When I first went to Oxford I started to attend Choral Evensong every Saturday night. The three main medieval colleges to maintain great choirs were New College–pictured here; Christ Church (famous from Brideshead Revisited as Sebastian’s college) and C.S.Lewis’ college, Magdalen (pronounced ‘maudlin’).
For those who are unaware of this great Anglican tradition, Evensong is the evening service Cranmer constructed by cobbling together elements of Vespers and Compline. After the psalms there is an Old Testament reading followed by the Magnificat and after the New Testament reading is the Nunc Dimittis.
Psalms and canticles are all sung by the choir, and there is usually a choral anthem as well as decent organ music as prelude and postlude. The great Anglican choirs are traditionally all male voices. (this dates back to monastic times) Boys singing the soprano (treble) lines. Men take the alto, tenor and bass lines.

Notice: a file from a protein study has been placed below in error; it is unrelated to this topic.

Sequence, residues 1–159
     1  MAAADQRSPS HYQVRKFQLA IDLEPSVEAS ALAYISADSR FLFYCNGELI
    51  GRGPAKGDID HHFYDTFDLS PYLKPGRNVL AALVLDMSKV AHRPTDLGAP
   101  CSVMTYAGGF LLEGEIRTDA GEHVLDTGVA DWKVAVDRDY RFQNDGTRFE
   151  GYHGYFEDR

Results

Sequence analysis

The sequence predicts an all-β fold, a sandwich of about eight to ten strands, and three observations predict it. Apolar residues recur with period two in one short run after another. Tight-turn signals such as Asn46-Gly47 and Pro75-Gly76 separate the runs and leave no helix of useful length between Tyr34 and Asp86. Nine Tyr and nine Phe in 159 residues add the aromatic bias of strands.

These male voice choirs used to be maintained not only in the cathedrals and collegiate churches, but also in many large parish churches. Many of them are now dying out due to lack of support, lack of funding, political correctness, desire for ‘relevant’ church music etc. However, you can still hear the glorious Anglican choral tradition at the great colleges of Cambridge and Oxford as well as in most of the Anglican cathedrals.
This tradition is one of the great contributions to Christendom that Anglicanism has made and Catholics would do well to learn from it.
Lest my more un-ecumenical readers protest that it is ‘Protestant’ or ‘we had all that stuff first anyway.’ Yes, yes, yes, I know all that, but in our attempts to reform the reform, we can learn much from the Anglican tradition–not only in some of the better music they have produced over the last 500 years, but also in how to fund, administer and maintain such a great musical tradition.